Penang Hill was the first colonial hill station developed in Peninsular Malaysia. Comprising Western Hill, Bukit Laksamana, Tiger Hill, Flagstaff Hill and Government Hill, it is located six km away from Georgetown. The hilly and forested area is the state's primary hill resort.
Set 821m above Penang’s capital, islanders call it Bukit Bendera and it is generally about five degrees cooler than Georgetown. It is the last patch of tropical rainforest in Penang so the flora and fauna here have been protected since 1960. It does not have the same prominence as Genting Highlands, Fraser’s Hill or Cameron Highlands but it is one of Penang’s best-known tourist attractions due to its fresher climate.Read More
- Traditional English Afternoon Tea at the Eastern & Oriental Hotel
- City Half-Day Tour
- EZhopper Sightseeing Bus Pass
- Georgetown by Night Tour
- Island Half-Day Tour
- Private Penang Hill & Temple
- Heritage Trishaw Tour
- Private Penang Hill & High Tea at David Brown's Restaurant
- Botanic Gardens & Tropical Spice Garden Tour
- Penang Hill & Kek Lok Si Temple Tour
Penang Hill History
Penang Hill was discovered when soon after British settlement; Francis Light commissioned the area to be cleared to grow strawberries. Though it was never fully developed (it was difficult to carve out the forest area), it became a favourite expatriate refuge before the advent of air conditioning. Its oldest bungalow, Bel Retiro, is the holiday residence of the Governor of Penang.
Today, the ridge on top of Penang Hill is known as Strawberry Hill.
Views from The Top
From the top of Penang Hill on a clear day you can see the mountains of Langkawi and north Kedah but it is the night time sight of lit-up Georgetown that is especially rewarding. Most people simply come to enjoy the cool, unpolluted air and walk under 30m-high trees along the nature trails. Additionally, over 100 species of birdlife, ranging from ordinary garden species to exotic deep forest inhabitants, call this hillside home.
Two kilometres away from Bellevue Hotel is the Canopy Walk: this 220m walkway suspended between towering trees 30m above the dense jungle offers great views of the hillside. Opened in 2003, it was operational for a short time, and since then, due to its failure to attract sufficient customers, it has opened and closed without much announcement.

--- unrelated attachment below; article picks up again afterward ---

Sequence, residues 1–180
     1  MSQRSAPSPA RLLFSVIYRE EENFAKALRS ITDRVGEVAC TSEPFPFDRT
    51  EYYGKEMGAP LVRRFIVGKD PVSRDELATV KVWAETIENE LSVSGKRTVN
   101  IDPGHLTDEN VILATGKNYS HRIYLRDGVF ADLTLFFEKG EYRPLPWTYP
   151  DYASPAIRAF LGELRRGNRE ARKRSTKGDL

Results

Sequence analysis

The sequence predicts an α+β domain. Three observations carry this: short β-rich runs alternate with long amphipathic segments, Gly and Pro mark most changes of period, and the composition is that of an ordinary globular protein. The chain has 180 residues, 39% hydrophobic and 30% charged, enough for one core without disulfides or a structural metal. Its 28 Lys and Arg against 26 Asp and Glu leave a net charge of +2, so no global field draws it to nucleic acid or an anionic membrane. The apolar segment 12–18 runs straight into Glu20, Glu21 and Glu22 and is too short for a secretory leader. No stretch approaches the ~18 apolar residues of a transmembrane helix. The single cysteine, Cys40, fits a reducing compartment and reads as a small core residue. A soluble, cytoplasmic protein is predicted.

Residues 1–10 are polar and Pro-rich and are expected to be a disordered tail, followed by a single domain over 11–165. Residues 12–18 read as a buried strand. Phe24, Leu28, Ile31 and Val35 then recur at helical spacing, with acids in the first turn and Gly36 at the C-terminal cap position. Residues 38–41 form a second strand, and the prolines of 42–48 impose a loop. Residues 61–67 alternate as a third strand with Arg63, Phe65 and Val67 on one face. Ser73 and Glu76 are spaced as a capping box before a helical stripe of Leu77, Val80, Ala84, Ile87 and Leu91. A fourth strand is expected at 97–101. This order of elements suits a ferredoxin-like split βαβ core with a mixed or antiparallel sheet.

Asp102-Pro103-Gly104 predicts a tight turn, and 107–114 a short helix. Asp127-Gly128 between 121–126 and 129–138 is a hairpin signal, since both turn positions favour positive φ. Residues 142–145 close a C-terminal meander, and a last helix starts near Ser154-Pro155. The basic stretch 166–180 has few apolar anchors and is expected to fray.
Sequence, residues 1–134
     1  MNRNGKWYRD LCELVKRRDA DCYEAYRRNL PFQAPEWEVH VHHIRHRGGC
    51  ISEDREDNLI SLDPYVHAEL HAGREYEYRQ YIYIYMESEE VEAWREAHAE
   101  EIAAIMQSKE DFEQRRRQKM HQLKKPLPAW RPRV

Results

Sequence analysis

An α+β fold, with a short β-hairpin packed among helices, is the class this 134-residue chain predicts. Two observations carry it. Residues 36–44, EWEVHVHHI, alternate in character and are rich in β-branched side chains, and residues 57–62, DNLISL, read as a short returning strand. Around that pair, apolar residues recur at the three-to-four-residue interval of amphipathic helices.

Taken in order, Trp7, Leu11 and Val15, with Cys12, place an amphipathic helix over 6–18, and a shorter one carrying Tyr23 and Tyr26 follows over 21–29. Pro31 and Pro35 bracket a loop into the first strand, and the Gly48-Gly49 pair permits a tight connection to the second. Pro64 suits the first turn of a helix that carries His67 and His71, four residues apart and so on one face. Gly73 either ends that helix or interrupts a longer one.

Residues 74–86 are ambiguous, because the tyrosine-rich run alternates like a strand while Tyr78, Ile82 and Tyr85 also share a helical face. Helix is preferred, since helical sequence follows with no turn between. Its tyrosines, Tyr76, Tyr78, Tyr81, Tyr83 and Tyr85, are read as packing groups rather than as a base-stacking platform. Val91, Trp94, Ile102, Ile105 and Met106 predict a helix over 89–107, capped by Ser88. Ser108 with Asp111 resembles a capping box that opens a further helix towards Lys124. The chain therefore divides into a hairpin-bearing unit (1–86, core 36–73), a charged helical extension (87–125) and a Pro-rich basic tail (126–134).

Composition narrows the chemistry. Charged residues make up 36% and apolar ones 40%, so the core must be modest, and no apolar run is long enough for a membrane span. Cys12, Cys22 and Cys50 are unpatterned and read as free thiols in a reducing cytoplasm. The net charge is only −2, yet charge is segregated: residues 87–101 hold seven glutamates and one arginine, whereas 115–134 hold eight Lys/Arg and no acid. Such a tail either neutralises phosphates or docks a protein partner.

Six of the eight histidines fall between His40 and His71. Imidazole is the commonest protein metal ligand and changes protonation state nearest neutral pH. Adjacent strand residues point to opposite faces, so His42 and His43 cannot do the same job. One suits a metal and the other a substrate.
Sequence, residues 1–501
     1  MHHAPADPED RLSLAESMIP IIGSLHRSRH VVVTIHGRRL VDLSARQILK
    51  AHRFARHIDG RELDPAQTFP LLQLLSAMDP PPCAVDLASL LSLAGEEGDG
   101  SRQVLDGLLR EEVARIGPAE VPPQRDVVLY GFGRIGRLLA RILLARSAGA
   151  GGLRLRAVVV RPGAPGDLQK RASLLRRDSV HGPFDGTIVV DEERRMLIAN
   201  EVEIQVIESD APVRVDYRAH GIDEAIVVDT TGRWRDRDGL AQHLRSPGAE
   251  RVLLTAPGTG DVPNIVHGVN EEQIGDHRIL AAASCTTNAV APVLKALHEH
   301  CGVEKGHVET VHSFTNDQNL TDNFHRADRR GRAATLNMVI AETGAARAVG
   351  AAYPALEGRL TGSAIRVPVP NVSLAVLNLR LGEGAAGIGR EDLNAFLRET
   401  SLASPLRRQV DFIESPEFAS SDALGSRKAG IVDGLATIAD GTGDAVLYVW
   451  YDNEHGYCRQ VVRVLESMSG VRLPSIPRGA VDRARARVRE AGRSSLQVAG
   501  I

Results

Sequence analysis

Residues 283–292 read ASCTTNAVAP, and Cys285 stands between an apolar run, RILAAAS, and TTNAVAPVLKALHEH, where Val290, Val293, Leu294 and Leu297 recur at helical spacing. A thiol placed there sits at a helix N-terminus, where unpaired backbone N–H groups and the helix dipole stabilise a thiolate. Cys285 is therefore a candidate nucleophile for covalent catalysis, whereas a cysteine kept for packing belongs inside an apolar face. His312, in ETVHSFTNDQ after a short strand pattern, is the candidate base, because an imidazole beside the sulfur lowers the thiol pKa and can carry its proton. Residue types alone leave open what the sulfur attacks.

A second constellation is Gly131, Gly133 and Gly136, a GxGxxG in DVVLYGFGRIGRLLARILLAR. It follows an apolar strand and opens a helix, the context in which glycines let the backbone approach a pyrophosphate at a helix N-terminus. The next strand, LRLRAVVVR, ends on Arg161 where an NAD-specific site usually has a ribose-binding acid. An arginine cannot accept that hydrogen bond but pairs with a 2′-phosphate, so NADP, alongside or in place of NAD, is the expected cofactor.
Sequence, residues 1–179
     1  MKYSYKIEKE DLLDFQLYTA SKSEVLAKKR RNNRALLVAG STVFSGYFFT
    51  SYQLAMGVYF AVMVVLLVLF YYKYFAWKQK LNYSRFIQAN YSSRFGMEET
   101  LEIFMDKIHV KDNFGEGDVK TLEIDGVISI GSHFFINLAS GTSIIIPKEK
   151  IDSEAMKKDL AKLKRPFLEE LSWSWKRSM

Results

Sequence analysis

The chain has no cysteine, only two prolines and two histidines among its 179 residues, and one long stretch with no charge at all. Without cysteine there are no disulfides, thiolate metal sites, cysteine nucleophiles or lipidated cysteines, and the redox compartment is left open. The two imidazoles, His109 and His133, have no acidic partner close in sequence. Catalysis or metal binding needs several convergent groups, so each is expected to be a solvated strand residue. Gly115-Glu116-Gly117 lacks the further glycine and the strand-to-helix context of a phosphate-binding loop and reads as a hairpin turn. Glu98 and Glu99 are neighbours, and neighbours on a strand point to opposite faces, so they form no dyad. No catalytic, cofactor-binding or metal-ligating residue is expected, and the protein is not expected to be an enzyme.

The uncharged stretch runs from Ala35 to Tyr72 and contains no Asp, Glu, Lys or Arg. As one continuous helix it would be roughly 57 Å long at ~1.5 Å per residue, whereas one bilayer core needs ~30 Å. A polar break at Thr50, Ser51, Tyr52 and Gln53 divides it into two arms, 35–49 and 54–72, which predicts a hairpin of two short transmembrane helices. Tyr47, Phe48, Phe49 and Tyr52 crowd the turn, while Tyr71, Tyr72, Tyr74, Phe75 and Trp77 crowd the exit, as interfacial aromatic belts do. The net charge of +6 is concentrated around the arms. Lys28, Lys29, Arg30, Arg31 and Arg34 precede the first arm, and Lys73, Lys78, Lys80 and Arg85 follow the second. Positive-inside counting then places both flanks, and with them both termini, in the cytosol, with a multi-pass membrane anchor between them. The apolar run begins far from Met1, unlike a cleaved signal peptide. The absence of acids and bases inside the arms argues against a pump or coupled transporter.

Penang Hill Railway
The most popular way to the top of the hill is the Penang Hill Railway. Located at the foot of the hill, this Swiss-designed funicular starts out from Air Itam. Built in 1923, it is one of the world’s oldest funicular systems and has a 2,007m-long track that climbs the hill at a crawling 30-minute pace.
The journey takes you past luxuriant greenery and the occasional macaque plus the bungalows originally built for British officials and other wealthy citizens. The queue for carriages can be quite long especially on weekends and public holidays: passengers have to change trains midway.
Another way to the top of Penang Hill is by a five km drive up a private road accessible only to the vehicles of hillside residents: this jeep trail is a popular hiking route and starts out from the quarry at the entry of the Penang Botanic Gardens.
There is a well-marked eight km path leading up from the Moon Gate (between the post office and police station) at the Botanical Gardens: it is a steep one-hour climb, but a delightful walk with plenty of places to rest along the way.
There is a food court, fruit and souvenir stalls, some gardens, an exuberantly decorated Hindu temple, a mosque, a police station, a post office and an 11-room hotel (Bellevue Hotel) at the upper funicular station: the original funicular train, built in 1897, is also on exhibit here.
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- Location: Penang